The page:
Oil futures dipped in early Asian trade on Monday on worries about global oversupply after a higher U.S. rig count pointed to rising U.S. shale production, while a stronger dollar also put pressure on crude.
U.S. West Texas Intermediate crude futures fell 5 cents to $50.55 a barrel after settling 25 cents higher in the previous session.
International benchmark Brent futures slipped 11 cents to $53.42 a barrel. The March contract closed the previous session down 13 cents at $52.83 a barrel.
Both contracts posted their worst quarterly loss since late 2015 in the March quarter. U.S. futures fell nearly 6 percent from the previous quarter, while Brent lost 7 percent as rising inventory levels outpaced output cuts by OPEC and non-OPEC members.
Crude oil prices staged a three-day rally last week amid expectations members of the Organisation of the Petroleum Exporting Countries (OPEC) and non-members such as Russia would extend production cuts beyond June.
But prices fell on Friday after energy services firm Baker Hughes said the U.S. rig count increased by 10 to 662 last week, making the first quarter the strongest for oil rig additions since mid-2011.
Rising supplies tempered data from Asia that suggested the region’s buoyant economy would ensure solid demand for energy.
Manufacturing data showed factories across much of Asia posted another month of solid growth in March.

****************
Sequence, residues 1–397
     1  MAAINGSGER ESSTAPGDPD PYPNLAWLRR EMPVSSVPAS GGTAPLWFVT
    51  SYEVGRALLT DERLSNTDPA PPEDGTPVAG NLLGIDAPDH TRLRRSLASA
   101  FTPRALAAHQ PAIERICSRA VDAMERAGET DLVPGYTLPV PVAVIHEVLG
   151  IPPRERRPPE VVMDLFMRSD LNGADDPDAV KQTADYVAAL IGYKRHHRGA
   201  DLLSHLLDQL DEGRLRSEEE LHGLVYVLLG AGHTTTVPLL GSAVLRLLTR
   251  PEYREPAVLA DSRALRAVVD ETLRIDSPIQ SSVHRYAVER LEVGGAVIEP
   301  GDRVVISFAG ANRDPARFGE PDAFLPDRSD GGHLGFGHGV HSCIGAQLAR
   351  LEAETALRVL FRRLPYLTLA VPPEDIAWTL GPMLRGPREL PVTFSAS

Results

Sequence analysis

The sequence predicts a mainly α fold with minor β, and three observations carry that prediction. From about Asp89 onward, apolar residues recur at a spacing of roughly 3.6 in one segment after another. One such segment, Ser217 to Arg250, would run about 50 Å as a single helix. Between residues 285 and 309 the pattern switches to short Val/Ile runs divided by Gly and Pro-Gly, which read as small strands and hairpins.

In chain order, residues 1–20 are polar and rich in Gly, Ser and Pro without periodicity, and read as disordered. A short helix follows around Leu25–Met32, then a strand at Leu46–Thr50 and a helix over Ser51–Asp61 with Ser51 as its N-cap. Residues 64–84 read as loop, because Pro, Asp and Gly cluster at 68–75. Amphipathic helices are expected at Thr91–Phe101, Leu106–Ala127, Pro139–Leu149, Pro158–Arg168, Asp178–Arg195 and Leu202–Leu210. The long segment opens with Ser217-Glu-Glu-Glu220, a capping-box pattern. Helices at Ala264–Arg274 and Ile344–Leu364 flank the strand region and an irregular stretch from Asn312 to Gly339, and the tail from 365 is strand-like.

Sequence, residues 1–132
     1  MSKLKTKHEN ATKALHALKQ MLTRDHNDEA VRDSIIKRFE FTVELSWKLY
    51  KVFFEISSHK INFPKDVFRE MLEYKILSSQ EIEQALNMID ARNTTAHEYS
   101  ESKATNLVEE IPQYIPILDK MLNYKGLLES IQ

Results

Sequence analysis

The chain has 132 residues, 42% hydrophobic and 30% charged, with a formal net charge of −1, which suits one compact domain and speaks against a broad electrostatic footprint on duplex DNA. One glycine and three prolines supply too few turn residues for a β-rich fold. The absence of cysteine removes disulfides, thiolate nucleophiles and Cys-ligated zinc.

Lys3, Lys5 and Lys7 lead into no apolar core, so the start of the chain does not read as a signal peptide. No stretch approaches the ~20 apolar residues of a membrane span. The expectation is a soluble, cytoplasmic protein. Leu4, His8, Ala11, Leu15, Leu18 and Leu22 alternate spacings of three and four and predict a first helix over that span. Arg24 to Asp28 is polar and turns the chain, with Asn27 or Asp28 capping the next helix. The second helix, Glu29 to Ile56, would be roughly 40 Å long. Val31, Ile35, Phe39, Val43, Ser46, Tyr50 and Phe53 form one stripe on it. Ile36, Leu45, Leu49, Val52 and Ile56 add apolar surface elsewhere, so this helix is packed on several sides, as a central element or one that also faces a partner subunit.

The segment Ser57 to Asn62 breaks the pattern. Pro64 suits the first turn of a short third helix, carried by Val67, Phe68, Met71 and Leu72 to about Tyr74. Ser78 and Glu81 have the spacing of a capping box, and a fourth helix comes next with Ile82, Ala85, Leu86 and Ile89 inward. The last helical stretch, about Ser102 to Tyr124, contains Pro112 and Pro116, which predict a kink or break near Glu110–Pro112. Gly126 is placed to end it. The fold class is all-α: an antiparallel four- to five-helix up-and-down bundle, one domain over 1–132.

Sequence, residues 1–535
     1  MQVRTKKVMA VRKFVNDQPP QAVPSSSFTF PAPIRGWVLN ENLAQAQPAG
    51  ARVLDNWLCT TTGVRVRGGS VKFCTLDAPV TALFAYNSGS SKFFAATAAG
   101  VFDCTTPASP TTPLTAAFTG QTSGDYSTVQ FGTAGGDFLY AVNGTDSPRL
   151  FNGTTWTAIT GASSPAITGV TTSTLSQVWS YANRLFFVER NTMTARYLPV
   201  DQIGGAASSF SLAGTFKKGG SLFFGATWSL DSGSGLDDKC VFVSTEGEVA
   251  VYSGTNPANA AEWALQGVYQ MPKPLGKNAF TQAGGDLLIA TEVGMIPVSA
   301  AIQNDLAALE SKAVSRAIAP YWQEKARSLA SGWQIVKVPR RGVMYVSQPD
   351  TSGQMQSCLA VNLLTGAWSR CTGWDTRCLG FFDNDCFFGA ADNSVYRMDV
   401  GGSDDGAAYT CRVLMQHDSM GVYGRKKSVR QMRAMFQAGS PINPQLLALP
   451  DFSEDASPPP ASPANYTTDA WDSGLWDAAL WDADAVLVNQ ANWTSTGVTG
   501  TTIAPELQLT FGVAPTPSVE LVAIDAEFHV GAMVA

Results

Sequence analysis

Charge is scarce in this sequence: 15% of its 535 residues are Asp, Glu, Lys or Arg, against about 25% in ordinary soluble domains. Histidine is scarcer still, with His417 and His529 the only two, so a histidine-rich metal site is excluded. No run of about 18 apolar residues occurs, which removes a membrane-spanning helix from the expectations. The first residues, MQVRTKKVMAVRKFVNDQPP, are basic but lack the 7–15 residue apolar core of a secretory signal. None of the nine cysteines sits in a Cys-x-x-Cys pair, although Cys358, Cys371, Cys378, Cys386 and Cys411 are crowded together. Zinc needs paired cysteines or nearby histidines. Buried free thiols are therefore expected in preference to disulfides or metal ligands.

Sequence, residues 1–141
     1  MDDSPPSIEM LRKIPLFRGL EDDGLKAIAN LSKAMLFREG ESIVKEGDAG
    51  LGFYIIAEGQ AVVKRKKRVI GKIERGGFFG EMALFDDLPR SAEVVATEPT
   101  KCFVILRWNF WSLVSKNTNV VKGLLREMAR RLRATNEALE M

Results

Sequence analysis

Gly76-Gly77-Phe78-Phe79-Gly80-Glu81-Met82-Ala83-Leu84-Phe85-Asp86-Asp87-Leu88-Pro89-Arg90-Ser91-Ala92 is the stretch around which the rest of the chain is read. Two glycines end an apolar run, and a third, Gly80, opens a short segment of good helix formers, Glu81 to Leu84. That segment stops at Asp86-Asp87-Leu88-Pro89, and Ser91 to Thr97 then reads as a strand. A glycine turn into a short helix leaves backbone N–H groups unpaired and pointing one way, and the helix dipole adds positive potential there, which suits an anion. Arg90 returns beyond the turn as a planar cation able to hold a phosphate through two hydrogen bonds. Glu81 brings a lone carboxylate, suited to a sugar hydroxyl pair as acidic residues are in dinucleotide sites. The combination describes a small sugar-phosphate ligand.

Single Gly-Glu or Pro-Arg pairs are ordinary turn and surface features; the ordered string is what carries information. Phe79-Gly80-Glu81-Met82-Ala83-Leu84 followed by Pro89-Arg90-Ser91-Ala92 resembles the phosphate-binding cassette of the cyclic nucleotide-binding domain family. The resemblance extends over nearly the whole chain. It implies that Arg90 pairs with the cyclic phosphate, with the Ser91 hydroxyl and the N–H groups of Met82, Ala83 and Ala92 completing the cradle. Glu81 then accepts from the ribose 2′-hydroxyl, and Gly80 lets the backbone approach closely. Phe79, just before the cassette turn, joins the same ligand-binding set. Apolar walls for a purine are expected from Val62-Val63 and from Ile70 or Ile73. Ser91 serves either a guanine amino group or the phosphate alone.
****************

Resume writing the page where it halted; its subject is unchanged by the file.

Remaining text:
Purchasing managers’ index (PMI) data from China showed its factories expanded for a ninth straight month in March, although the pace slipped as new export orders slowed.
The U.S. dollar index rose against a basket of currencies on Monday. A strong dollar makes greenback-denominated commodities including oil more expensive for holders of other currencies.
Iraq plans to increase its oil output capacity to 5 million barrels per day before the end of the year, but Baghdad has assured OPEC it will fully comply with the pact to cut oil supply, Oil Minister Jabar al-Luaibi and OPEC Secretary General Mohammed Barkindo said on Sunday.
Russian oil shipped by state pipeline monopoly Transneft to ports for export rose to 2.944 million barrels per day (bpd) in March, or 12.452 million tonnes, from 2.819 million bpd in February.
Overall, market sentiments still remains bearish and as traders, we’ll be looking for opportunities to go short on this market.